Though there are many challenges to Ekman’s thesis that there are basic emotions with universal corresponding facial expressions, our main criticism revolves around the extent to which grounding situations alter how people read faces. To that end, we recruit testifying experimental studies that show identical faces expressing varying emotions when contextualized differently. Rather than dismissing these as illusions, we start with the position—generally favored by embodied thinkers—that situations are primary: they are where specifiable and hence knowable properties first show up. (...)
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  • Emotional Environments: Selective Permeability, Political Affordances and Normative Settings.Matthew Crippen - forthcoming - Topoi:1-13.
    I begin this article with an increasingly accepted claim: that emotions lend differential weight to states of affairs, helping us conceptually carve the world and make rational decisions. I then develop a more controversial assertion: that environments have non-subjective emotional qualities, which organize behavior and help us make sense of the world. I defend this from ecological and related embodied standpoints that take properties to be interrelational outcomes. I also build on conceptions of experience as a cultural phenomenon, one that (...)
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  • Explanation, Enaction and Naturalised Phenomenology.Marilyn Stendera - 2022 - Phenomenology and the Cognitive Sciences:1-21.
    This paper explores the implications of conceptualising phenomenology as explanatory for the ongoing dialogue between the phenomenological tradition and cognitive science, especially enactive approaches to cognition. The first half of the paper offers three interlinked arguments: Firstly, that differentiating between phenomenology and the natural sciences by designating one as descriptive and the other as explanatory undermines opportunities for the kind of productive friction that is required for genuine ‘mutual enlightenment’. Secondly, that conceiving of phenomenology as descriptive rather than explanatory risks (...)
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  • Illness Narratives and Epistemic Injustice: Toward Extended Empathic Knowledge.Seisuke Hayakawa - 2022 - In Karyn Lai (ed.), Knowers and Knowledge in East-West Philosophy: Epistemology Extended. Palgrave Macmillan. pp. 111-138.
    Socially extended knowledge has recently received much attention in mainstream epistemology. Knowledge here is not to be understood as wholly realised within a single individual who manipulates artefacts or tools but as collaboratively realised across plural agents. Because of its focus on the interpersonal dimension, socially extended epistemology appears to be a promising approach for investigating the deeply social nature of epistemic practices. I believe, however, that this line of inquiry could be made more fruitful if it is connected with (...)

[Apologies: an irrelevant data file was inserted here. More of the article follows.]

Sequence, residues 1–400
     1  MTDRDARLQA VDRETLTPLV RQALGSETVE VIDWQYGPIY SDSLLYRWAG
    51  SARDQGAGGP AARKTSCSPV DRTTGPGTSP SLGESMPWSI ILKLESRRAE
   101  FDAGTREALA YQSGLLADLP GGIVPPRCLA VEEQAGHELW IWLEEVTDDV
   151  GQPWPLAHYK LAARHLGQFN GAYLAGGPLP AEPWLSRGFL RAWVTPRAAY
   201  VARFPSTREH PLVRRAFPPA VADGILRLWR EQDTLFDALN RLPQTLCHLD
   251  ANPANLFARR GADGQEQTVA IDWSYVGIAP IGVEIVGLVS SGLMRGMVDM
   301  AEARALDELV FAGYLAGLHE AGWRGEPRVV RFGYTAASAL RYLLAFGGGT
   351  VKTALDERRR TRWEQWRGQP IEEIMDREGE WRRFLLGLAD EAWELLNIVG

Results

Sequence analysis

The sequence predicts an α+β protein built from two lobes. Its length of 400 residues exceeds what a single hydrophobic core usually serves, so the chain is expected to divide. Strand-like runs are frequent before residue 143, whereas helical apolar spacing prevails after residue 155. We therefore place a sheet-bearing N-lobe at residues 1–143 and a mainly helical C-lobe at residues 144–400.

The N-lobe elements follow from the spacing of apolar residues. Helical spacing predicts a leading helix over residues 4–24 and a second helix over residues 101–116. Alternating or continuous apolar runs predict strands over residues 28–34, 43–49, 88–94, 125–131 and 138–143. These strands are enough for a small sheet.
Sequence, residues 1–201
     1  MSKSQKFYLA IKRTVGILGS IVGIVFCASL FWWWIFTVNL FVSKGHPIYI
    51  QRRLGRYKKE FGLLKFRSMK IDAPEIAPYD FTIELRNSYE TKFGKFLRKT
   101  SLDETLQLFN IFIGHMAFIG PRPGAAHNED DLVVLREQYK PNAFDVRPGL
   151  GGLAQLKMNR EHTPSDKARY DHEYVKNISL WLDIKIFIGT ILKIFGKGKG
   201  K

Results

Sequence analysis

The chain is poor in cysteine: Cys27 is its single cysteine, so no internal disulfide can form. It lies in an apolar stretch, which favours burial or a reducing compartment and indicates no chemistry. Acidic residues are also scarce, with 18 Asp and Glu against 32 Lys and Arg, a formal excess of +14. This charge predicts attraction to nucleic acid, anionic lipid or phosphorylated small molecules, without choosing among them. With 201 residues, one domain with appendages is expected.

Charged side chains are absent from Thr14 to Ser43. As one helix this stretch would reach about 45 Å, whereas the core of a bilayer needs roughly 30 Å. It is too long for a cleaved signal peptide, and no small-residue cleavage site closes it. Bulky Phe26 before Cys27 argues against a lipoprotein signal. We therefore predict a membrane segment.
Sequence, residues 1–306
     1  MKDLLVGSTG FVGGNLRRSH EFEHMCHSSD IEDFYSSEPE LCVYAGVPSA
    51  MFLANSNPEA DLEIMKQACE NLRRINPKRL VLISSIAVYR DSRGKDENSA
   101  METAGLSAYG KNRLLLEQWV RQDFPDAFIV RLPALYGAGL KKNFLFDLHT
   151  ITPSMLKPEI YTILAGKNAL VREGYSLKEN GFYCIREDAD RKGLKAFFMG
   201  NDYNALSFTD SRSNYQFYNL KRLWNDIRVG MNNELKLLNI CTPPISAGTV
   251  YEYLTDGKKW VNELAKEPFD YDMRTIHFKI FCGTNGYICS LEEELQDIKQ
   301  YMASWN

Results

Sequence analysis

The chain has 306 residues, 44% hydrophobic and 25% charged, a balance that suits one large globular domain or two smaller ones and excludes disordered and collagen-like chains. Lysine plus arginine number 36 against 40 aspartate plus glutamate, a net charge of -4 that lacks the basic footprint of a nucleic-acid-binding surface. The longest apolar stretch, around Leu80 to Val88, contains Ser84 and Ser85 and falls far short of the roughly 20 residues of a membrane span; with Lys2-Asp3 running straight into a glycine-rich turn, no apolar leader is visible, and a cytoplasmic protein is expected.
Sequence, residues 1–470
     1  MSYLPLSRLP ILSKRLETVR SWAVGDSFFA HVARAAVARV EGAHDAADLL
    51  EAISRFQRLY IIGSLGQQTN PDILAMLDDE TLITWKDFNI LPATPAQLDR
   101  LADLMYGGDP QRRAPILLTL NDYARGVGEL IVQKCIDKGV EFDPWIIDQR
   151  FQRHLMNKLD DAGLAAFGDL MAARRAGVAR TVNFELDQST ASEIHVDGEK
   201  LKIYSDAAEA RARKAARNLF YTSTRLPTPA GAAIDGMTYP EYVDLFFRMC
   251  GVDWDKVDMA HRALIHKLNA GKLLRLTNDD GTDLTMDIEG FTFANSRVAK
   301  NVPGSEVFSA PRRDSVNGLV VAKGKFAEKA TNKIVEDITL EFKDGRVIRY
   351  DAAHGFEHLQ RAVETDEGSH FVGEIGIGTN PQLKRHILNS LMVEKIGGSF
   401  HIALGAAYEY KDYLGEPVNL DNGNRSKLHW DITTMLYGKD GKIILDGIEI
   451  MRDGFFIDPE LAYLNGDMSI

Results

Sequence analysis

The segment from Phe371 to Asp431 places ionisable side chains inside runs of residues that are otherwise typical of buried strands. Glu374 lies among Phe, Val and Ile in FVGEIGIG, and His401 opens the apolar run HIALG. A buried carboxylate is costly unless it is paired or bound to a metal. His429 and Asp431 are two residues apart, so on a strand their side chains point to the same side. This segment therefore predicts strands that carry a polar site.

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  • Enacting Environments: From Umwelts to Institutions.Mog Stapleton - 2022 - In Karyn Lai (ed.), Knowers and Knowledge in East-West Philosophy. Palgrave Macmillan, Cham: pp. 159-189.
    What we know is enabled and constrained by what we are. Extended and enactive approaches to cognitive science explore the ways in which our embodiment enables us to relate to the world. On these accounts, rather than being merely represented in the brain, the world and our activity in it plays an on-going role in our perceptual and cognitive processes. In this chapter I outline some of the key influences on extended and enactive philosophy and cognitive science in order to (...)
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  • Phenomenology and Ecology: Art, Cities, and Cinema in the Pandemic.Matthew Crippen - 2021 - Polish Journal of Aesthetics 61.
    COVID-19 infects cities, here grasped as quasi-living functioning systems, and the changes inflicted can poetically open us to certain things. Drawing on ecological psychology, we maintain that this brings people into contact with different realities depending on their overall wellbeing, arguing that the aesthetic experience of cities accordingly varies. We then consider iterations of these ideas in dystopian cinema, which portrays global threats altering human relations with technology, art, and the world.